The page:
Cheers, Sue B.

The older I get, the better I was.

schnitzel's picture

I read the article in FC #2 (post #68861, reply #12 of 25)

I read the article in FC #2 and discovered the author uses a No. 8 (10 1/2-inch) cast iron skillet. So that's what I used.

Preheat the oven @450° for at least 30 min.

Warmed eggs in a bowl of tepid water and gently nuked the milk before combining the batter. Beat the batter very well. Skillet was sizzling hot when the butter went in, followed by the batter.

Mine puffed greatly at the edge. Looks like Yorkshire pudding.

Skillet Puff Pancake

Also found an old thread at Cooks Talk about someone who had made the puff pancake successfully many times, but when she made it with cold eggs and cold milk, it failed to puff. She was surprised what a difference it made.

ashleyd's picture

Also found an old thread at (post #68861, reply #13 of 25)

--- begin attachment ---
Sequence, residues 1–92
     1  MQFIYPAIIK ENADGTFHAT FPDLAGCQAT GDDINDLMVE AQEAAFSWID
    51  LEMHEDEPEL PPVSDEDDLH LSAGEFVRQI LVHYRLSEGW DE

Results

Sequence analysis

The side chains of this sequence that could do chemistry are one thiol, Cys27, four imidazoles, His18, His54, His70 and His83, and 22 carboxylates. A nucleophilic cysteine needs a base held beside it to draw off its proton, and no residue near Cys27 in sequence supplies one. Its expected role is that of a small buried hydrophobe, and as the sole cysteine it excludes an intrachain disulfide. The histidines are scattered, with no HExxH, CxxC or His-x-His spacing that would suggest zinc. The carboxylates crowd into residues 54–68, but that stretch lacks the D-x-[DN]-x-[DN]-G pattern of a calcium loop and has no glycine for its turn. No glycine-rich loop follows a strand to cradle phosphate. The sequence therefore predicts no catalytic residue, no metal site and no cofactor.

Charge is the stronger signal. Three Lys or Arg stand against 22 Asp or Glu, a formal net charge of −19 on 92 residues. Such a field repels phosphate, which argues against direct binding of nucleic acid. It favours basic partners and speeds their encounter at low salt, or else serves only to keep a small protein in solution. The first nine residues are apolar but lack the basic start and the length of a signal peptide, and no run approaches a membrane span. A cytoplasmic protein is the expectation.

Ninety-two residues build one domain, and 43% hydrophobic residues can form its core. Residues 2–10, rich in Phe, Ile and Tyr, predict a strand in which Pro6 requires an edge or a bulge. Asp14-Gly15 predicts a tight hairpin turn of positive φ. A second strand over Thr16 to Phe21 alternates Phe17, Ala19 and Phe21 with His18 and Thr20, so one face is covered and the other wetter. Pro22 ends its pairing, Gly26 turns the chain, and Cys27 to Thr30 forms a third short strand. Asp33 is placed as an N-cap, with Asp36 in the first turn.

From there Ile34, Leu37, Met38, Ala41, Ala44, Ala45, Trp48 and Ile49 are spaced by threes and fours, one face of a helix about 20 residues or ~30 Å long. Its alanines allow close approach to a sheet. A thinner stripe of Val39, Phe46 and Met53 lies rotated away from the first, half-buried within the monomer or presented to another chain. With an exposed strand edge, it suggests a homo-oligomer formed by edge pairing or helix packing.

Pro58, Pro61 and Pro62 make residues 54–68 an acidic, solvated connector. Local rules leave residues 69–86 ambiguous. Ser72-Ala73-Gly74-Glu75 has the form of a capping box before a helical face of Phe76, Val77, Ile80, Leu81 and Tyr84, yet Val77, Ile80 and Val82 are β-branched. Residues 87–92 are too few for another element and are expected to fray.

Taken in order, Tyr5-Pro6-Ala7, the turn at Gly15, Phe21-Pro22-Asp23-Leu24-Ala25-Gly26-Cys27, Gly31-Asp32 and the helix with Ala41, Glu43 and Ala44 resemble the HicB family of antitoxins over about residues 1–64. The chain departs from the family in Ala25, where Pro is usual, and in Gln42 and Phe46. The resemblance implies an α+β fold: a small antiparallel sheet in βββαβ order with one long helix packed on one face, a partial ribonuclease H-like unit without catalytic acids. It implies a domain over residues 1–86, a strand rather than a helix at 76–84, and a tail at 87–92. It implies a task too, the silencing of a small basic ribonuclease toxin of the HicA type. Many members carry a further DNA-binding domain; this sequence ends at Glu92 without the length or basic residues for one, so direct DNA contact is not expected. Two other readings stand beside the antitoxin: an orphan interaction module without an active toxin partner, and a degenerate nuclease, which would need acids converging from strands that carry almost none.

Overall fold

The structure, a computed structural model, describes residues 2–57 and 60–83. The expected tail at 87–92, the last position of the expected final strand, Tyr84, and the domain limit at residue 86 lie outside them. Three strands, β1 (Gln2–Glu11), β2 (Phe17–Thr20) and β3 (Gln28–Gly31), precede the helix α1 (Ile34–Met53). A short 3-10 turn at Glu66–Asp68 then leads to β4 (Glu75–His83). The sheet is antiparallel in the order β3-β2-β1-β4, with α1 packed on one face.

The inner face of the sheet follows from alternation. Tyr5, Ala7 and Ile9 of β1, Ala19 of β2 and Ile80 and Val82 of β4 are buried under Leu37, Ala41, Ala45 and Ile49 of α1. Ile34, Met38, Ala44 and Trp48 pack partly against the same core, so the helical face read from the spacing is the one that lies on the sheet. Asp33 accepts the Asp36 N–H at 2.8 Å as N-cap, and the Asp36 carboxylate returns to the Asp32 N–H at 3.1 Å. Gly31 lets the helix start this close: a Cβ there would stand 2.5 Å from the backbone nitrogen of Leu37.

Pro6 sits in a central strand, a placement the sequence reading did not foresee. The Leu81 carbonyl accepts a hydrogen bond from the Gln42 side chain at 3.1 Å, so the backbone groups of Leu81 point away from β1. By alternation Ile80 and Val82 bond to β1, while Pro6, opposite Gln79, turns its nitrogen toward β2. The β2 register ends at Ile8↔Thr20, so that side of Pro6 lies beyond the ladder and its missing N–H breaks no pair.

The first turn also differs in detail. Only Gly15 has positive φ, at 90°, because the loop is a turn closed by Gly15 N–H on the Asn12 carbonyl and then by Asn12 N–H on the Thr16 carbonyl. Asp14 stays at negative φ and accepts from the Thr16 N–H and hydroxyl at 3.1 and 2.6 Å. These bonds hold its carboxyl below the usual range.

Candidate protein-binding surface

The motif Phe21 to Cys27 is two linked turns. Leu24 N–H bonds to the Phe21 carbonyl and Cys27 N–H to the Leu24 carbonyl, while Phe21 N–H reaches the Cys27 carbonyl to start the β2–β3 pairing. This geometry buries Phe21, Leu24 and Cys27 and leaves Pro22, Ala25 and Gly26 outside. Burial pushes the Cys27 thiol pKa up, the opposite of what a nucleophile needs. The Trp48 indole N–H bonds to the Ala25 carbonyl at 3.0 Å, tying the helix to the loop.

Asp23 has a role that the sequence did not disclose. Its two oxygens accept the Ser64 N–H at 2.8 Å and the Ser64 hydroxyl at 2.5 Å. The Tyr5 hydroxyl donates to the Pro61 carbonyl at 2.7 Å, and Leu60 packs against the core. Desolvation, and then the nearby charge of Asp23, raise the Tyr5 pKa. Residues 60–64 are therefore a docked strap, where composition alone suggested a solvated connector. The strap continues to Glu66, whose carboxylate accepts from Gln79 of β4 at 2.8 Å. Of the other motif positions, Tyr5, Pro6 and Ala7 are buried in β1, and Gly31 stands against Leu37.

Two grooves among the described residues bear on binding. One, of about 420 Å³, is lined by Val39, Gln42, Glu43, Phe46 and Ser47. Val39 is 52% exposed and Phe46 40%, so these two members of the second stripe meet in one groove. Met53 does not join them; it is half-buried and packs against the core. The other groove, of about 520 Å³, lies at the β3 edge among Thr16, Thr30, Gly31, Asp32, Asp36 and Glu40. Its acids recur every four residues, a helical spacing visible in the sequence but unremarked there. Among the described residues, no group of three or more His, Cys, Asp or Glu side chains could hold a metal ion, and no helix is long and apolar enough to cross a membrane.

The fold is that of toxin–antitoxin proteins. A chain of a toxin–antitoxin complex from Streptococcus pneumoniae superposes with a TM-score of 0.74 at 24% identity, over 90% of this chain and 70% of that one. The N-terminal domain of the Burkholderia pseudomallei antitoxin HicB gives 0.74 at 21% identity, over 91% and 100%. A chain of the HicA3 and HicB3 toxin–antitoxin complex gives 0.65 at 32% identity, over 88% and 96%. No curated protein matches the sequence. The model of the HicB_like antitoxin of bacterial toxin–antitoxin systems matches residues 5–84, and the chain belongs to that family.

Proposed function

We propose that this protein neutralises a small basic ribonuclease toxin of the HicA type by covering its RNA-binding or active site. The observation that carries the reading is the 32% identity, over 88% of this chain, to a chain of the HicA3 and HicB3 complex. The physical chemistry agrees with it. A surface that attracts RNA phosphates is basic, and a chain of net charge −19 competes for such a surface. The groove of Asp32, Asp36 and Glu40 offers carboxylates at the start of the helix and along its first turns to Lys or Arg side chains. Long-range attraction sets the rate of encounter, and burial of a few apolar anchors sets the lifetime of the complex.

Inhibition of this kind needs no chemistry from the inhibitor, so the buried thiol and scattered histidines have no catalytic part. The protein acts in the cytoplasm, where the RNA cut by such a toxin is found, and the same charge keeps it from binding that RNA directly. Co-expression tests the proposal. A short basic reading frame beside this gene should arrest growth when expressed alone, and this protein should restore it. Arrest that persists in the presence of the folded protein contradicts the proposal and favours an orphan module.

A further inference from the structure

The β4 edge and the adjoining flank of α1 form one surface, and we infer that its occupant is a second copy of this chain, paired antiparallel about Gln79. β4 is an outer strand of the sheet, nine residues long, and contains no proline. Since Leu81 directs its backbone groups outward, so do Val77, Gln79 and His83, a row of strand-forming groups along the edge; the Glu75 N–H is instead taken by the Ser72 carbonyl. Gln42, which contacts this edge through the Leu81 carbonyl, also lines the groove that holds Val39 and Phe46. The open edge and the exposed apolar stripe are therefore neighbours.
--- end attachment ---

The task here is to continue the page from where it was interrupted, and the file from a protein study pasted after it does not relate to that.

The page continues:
Also found an old thread at Cooks Talk

Why am I not surprised? :)

Age is unimportant unless you’re a cheese.

Pielove's picture

Hmm, I agree with the above (post #68861, reply #15 of 25)

Hmm, I agree with the above comments (room-temp ingredients, hot pan and oven, and do not overmix.)

Give it another go-- at least the ingredients are cheap! Good luck!

pie

Syb's picture

I've been making this for (post #68861, reply #18 of 25)

I've been making this for years. Sometimes it doesn't puff up much. I remember the previous discussion. I was trying to figure out which variables mattered. I never paid any attention to the temperature of the eggs or the milk.

I never preheat my oven for 30 min. More like 15. But for this recipe I usually heat the cast iron pan and melt the butter on the burner, so it's really hot when it goes in the oven.

nutcakes's picture

I'm been making this pancake, (post #68861, reply #19 of 25)